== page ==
I like to celebrate holidays that have been around for centuries—holidays that have roots in deep traditions or that are related to the seasonal shifts in the natural world. But every once in a while, I’m enchanted by a fairly new holiday. Like White Day, a Japanese holiday which falls on March 14. Continue reading

The Healthy Dog Wins for Best Graphics

Artist Spotlight — Jamie Pflughoeft and Caroline Coile

We’re thrilled to announce that The Healthy Dog 2015 wall calendar has been awarded the Maxwell Medallion from the Dog Writers Association of America for best Graphics in the Calendar & Poster category! Congratulations to Jamie Pflughoeft for her delightful and engaging photos!

jamie-pflughoeftProfessional pet photographer Jamie Pflughoeft is the owner of nationally recognized Cowbelly Pet Photography, now based in San Francisco, California. When not photographing dogs in Washington and California, Jamie can be found with Fergie, her beloved lab-mix pooch, by her side. The duo enjoys all the City by the Bay has to offer. Like the dogs she photographs, Jamie believes life is best when it’s filled with play, sleep, food, love, daydreams, adventures, and joy.

Jamie shares more about her inspiration:

I started photographing cats and dogs back in 2000 when I was majoring in Animal Behavior Psychology at the University of Washington and working part time as a dog walker and pet sitter. I couldn’t resist the Kodak moments that were happening all around me, so one afternoon I went home, grabbed my old Pentax film camera, and started bringing it to pet setting jobs. For several years I captured furry friends’ mugs in backyards, living rooms, sidewalks, and bedrooms all around town. When the demand for my photos grew to the point that I could no longer afford to give prints away for free, I launched Cowbelly Pet Photography. That was in July of 2003, and I have been a full-time pet photographer since early 2005. I truly adore my career and am one of these rare people who makes a living doing what I genuinely love. I can’t imagine doing anything else. The people and the animals I work with are simply the best.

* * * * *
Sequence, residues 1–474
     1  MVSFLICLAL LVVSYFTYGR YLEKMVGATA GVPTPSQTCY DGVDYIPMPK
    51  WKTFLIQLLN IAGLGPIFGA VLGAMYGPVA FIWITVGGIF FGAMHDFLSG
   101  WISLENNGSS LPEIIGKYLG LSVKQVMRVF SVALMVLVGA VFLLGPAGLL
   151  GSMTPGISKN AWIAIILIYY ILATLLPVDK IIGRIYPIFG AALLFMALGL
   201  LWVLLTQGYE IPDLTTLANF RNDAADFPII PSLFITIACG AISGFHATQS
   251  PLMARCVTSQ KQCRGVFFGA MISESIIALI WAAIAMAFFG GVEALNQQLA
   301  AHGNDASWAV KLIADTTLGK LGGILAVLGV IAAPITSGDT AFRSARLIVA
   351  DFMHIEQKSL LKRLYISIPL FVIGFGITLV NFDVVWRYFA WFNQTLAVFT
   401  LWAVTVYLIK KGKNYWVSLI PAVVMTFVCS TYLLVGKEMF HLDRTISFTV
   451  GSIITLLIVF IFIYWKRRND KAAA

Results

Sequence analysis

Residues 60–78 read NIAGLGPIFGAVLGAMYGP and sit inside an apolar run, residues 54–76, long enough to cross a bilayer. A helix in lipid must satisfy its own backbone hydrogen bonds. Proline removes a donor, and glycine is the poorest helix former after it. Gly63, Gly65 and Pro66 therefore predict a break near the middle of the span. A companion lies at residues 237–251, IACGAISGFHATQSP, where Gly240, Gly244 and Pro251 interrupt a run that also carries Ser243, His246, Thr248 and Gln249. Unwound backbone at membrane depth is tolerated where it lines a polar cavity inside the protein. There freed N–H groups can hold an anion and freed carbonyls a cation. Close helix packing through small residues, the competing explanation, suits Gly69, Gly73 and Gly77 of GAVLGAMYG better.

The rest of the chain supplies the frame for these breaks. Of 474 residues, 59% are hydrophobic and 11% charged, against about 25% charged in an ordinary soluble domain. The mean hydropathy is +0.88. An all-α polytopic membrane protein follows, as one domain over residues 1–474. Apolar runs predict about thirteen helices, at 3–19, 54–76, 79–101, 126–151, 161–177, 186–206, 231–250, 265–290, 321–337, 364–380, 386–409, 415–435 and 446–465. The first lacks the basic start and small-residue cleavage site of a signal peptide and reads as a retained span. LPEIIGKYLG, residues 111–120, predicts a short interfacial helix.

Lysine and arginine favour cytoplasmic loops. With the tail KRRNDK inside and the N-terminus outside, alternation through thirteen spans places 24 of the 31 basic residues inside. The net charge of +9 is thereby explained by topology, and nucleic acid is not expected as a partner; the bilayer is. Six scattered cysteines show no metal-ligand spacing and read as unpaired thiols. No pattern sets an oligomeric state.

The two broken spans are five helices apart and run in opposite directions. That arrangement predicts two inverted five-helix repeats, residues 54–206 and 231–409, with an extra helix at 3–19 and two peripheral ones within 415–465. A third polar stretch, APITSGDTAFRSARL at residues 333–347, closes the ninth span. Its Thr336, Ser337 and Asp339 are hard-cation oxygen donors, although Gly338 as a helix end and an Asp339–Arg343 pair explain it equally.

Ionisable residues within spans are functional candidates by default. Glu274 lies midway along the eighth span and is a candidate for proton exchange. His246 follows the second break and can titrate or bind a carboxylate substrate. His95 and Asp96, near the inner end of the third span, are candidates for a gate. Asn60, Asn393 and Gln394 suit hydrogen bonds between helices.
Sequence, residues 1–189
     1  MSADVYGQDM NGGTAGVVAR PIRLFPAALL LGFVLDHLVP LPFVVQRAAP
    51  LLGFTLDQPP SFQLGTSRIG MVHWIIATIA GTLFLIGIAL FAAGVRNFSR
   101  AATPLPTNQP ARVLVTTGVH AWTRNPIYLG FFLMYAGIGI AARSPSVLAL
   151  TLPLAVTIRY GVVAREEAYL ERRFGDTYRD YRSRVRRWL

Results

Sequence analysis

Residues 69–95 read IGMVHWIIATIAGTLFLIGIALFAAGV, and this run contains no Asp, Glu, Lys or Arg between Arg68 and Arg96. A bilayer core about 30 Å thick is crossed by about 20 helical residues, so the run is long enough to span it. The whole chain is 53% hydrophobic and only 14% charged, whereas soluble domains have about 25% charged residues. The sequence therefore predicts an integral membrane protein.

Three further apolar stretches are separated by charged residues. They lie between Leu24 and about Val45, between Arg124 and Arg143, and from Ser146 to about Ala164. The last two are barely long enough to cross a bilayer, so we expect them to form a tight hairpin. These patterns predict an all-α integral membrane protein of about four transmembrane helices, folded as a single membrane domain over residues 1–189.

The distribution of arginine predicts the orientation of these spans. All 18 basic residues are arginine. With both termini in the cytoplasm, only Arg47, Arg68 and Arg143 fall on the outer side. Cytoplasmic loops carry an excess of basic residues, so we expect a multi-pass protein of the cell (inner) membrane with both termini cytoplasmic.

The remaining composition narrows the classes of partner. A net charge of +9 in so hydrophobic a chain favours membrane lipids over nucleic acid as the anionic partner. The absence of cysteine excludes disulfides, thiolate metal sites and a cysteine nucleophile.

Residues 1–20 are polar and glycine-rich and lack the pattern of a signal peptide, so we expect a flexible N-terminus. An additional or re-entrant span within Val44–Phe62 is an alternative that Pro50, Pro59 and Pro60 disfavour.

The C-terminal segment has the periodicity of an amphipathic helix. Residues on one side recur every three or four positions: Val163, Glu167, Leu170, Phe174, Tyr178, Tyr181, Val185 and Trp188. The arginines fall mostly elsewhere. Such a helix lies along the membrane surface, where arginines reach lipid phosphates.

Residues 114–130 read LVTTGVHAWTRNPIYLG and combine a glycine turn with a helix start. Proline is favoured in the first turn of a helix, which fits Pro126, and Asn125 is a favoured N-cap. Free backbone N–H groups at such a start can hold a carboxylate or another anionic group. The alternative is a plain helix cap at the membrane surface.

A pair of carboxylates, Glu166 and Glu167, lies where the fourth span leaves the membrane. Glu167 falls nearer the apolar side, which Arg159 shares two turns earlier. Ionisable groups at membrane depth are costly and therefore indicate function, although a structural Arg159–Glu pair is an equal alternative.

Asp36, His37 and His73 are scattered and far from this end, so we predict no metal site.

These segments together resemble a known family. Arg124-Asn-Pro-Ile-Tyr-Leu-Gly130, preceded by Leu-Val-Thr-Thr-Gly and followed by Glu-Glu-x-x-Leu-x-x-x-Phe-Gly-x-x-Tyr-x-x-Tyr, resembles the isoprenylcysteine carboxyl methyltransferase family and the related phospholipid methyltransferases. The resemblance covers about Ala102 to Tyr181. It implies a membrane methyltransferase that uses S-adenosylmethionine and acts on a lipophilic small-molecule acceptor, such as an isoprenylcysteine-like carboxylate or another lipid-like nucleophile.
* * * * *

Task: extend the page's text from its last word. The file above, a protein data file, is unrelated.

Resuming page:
For more information about Jamie and to see her outstanding portfolio, please visit her website.

Continuing with more exciting news… Caroline Coile has been named a 2014 Hall of Fame Winner by the Dog Writers Association of America. Caroline is our author contributor for The Healthy Dog wall calendar, where she shares natural homemade remedies, holistic techniques, and a bit of animal psychology to assist canine fans in caring for their companions and helping them to flourish.

caroline-coileD. Caroline Coile, PhD, is an award-winning writer of hundreds of articles and 34 books, including Barron’s Encyclopedia of Dog Breeds and Why Do Cats Bury Their Poop? Her research interests include domestic animal behavior and physiology, and she has been interviewed on NPR’s Talk of the Nation and quoted in Newsweek and USA Today. Caroline has always had animals in her life. She lives in Florida with her salukis and a Jack Russell-ish mix, all of whom conspire to ensure that she doesn’t know as much about training dogs as she thinks she does. For more information, please visit her website.

Congratulations to Caroline for being recognized by both peers and the public as an expert in the field of canine writing!

9781631360213_MAIN-blogJamie and Caroline are teaming up again for our 2016 wall calendar. The Healthy Dog 2015 wall calendar sold out and we expect the same for 2016 due to the wonderful images and in-depth content. Here’s a sneak peek of the cover. How cute is that?!